Sandy Morton has more about the day on the Scottish Curling Forum here. And of course the Annual Report can be downloaded from the Royal Club website here.

Bill Marshall (left) is now the President of the Royal Club. Robbie Scott defeated Pat Edington in a ballot for the Vice President position.

In his speech, Bill empasized the importance of the ASC and said he hoped it could move back to have it being more like the old Council, in the days before the Board. He also tantalisingly mentioned the posibility of a 'mixed tour' in the future.

This is the new Area Standing Committee.

It was not all politics. Here World Curling Federation Vice President Kate Caithness presents the winners' banner to World Champion skip David Murdoch.

Pics by Bob.

Friday, June 19, 2009

Curlink rink at Dumfries

The possibility that Dumfries Ice Bowl will have a second ice pad, dedicated to curling, has come a step closer this week. Currently the rink's ice is shared by curlers, skaters and ice hockey players. The adjacent indoor bowling facility is underused, and it has been proposed that this be converted into a curling rink.

There was a consultation, and earlier this week the Council resources committee agreed to go ahead with the proposal to replace the bowling hall with a second ice pad for curling at an estimated cost of £900,000, pending a successful funding application to sportscotland to assist with costs. The committee has already approved a £1.6 million upgrade to the refrigeration plant and refurbishment of the building. The Dumfries Standard has the story here.

Not all are happy. The directors of Lockerbie's rink, a privately owned facility, have expressed concern that expansion at Dumfries could lead to closure of their rink. The Lockerbie rink has already received funding to upgrade that facility, and this all was completed at the beginning of last season, see here.

This bowling rink will disappear and local curlers will benefit if the new plans for the Ice Bowl go ahead. Those involved at the Dumfries rink have certainly been pro-active in recent months and have to be commended. There are plans to bring the World Junior Championships to the region. The Homecoming Camp will go ahead next month, July 19-25. And the Summerspiel, July 17-19, has been well supported.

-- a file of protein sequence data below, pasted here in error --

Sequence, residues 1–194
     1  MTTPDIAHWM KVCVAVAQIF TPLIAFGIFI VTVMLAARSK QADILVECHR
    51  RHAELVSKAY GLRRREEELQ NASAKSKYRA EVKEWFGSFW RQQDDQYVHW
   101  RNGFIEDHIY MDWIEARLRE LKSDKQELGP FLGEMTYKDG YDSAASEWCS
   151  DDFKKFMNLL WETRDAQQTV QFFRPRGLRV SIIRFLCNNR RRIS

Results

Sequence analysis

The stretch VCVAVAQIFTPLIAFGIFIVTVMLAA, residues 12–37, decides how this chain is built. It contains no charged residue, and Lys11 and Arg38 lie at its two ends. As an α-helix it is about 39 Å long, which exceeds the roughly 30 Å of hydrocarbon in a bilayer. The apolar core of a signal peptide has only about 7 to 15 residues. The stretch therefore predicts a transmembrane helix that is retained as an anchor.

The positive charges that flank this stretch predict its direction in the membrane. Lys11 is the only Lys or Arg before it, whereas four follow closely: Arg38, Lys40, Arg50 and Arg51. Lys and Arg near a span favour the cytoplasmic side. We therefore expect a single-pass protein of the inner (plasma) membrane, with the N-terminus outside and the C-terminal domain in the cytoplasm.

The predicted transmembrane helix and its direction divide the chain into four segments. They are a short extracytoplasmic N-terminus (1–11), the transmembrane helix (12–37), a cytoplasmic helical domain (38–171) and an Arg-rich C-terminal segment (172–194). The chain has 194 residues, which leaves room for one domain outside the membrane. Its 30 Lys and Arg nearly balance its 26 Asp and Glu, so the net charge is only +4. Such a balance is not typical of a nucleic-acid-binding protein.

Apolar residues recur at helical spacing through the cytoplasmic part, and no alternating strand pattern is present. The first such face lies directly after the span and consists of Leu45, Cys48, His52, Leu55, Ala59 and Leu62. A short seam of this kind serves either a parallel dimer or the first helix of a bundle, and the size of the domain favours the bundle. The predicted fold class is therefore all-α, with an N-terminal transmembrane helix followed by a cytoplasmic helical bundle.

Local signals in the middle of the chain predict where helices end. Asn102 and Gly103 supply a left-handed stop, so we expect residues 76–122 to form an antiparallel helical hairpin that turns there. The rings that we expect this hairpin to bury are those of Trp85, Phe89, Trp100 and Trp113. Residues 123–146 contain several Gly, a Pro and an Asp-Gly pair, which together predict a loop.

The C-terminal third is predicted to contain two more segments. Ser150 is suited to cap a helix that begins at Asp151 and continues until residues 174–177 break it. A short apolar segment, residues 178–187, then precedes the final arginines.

Thursday, June 18, 2009

Vernon: the end?

In my last post about the Vernon issues here, I was premature in hoping that all had been resolved. The Conduct Panel had reported, and I summarised what I assumed was about to be released. I had not realised that there was an appeals procedure, and it transpired that Derek Brown, the National Coach, appealed the Conduct Panel's decision.

Then, at the Ladies' Branch AGM, Gail Munro revealed that Brown and his advisors had instituted further action against her because she 'leaked the Conduct Panel's decision to the media'. This dispute now seems to have been resolved, or so I assume, and Bob Tait, the Royal Caledonian Curling Club Chairman, has made good his promise, made at the Ladies' Branch AGM, to communicate the panel's decision as soon as possible. This he has done so today, in a post on the Royal Club's website here.

Tait makes a number of points today. Significantly, he indicates that the Board wants to draw a line under the issue, saying, "The Board, having considered the reasons the Conduct Panel has given for dismissing both complaints, will not be instituting further complaints against any of the parties."